Johnson & Johnson Pharmaceutical Research and Development, L.L.C. (J&JPRD), announced today that results from the Phase III EINSTEIN-Extension (EXT) clinical trial of the novel oral anticoagulant rivaroxaban showed a significant reduction in the risk of recurrent symptomatic venous thromboembolism (VTE), compared to placebo, in patients who have been treated for a previous deep vein thrombosis (DVT) or pulmonary embolism (PE).
The rate of major bleeding was low. The findings were reviewed at today’s press briefing during the 51st Annual Meeting of the American Society of Hematology (ASH), and will be fully presented as part of the late-breaker session of the general meeting at 7:30 AM CST, Tuesday, December 8th.
To be eligible for enrollment in EINSTEIN-EXT, patients had to have previously completed six to 12 months of treatment with a vitamin K antagonist (VKA) for an acute episode of VTE or have participated in the ongoing Phase III EINSTEIN-DVT or EINSTEIN-PE trials, in which they were treated with either rivaroxaban or a VKA, for the same time duration. Upon enrolling in EINSTEIN-EXT, patients were randomized to receive either 20 mg of rivaroxaban dosed once-daily or placebo and were evaluated for an additional six or 12 months.
Rivaroxaban was well tolerated. Patients treated with rivaroxaban showed a highly statistically significant relative risk reduction (RRR) of 82% in the recurrence of a symptomatic VTE versus those treated with placebo [1.3% vs. 7.1%, (p<0.0001), respectively].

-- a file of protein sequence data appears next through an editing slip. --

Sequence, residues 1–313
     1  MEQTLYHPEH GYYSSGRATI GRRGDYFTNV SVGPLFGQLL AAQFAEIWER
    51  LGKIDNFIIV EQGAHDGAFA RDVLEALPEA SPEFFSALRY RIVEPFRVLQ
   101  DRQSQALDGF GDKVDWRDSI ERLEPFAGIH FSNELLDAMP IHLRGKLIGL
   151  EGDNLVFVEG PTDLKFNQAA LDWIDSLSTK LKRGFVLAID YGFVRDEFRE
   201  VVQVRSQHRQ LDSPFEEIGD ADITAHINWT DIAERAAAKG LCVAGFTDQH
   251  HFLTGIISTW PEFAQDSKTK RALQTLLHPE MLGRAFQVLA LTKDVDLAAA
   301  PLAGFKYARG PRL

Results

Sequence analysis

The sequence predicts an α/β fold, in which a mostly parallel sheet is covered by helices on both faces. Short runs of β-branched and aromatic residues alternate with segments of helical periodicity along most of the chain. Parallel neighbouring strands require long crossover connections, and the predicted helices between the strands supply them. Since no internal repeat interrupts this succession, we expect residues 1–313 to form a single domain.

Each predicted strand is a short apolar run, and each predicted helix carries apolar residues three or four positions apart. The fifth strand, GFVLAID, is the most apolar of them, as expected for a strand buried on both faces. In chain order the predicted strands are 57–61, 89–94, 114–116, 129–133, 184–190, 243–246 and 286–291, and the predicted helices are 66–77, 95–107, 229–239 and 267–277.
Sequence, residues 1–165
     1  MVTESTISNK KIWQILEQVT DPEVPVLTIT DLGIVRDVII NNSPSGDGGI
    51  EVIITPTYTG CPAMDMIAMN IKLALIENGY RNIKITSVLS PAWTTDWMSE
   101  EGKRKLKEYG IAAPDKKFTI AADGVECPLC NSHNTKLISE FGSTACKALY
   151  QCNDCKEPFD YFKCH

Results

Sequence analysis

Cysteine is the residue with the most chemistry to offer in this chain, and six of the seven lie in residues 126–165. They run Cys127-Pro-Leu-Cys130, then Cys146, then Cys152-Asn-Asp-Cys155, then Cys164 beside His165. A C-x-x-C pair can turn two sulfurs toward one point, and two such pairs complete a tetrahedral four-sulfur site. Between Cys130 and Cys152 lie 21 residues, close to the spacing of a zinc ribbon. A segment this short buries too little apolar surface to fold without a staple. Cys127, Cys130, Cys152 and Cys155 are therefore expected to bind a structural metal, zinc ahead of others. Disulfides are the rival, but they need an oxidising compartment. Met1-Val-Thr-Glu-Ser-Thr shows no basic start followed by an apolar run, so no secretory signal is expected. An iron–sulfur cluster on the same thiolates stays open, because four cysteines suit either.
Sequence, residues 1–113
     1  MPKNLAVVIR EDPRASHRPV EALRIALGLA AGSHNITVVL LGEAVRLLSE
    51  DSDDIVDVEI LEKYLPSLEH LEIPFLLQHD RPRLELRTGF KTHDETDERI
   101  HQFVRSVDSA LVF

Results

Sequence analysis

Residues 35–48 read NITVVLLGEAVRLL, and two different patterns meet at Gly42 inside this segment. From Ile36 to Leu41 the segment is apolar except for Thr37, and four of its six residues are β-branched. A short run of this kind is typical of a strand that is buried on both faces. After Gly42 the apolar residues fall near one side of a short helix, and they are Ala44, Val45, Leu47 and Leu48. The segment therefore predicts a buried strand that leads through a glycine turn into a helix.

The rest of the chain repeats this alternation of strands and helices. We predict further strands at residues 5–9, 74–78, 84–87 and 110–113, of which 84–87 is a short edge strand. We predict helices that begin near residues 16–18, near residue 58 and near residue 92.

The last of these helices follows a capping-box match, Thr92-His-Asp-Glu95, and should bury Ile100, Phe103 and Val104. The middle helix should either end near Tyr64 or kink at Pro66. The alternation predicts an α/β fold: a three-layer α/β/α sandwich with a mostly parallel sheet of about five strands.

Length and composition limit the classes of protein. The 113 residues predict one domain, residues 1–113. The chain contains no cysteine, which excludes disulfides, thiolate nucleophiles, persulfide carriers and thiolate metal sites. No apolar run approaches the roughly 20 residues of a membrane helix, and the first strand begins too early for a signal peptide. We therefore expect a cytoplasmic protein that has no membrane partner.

“The results from EINSTEIN-EXT highlight the potential clinical benefit of extending prophylaxis for an additional six or 12 months beyond the currently recommended treatment duration,” said Harry R. Büller, M.D., Academic Medical Center in Amsterdam. “This study could help transform the way physicians treat patients who have previously suffered a DVT or PE. Currently, up to 10% of patients who are treated adequately, according to today’s recommended guidelines, still experience a recurrence within 12 months of the initial event.”
Rates of major bleeding, the primary safety endpoint, were low and not statistically significantly different between the two groups [0.7% vs. 0.0%,>
A secondary endpoint measuring the composite of major and clinically relevant non-major bleeding4 showed a statistically significant difference between the two groups [6.0% vs. 1.2%, (p<0.001) in the rivaroxaban and placebo arms, respectively]. No cases of serious liver injury were reported in either group. Liver safety results included: ALT >3x ULN + T Bili >2x ULN: 0.0%5 in both groups; ALT >3x ULN: 1.9% in the rivaroxaban arm and 0.5% of patients in the placebo arm. There were no differences in cardiovascular-related events between the two treatment groups.
Johnson & Johnson Pharmaceutical Research and Development, L.L.C.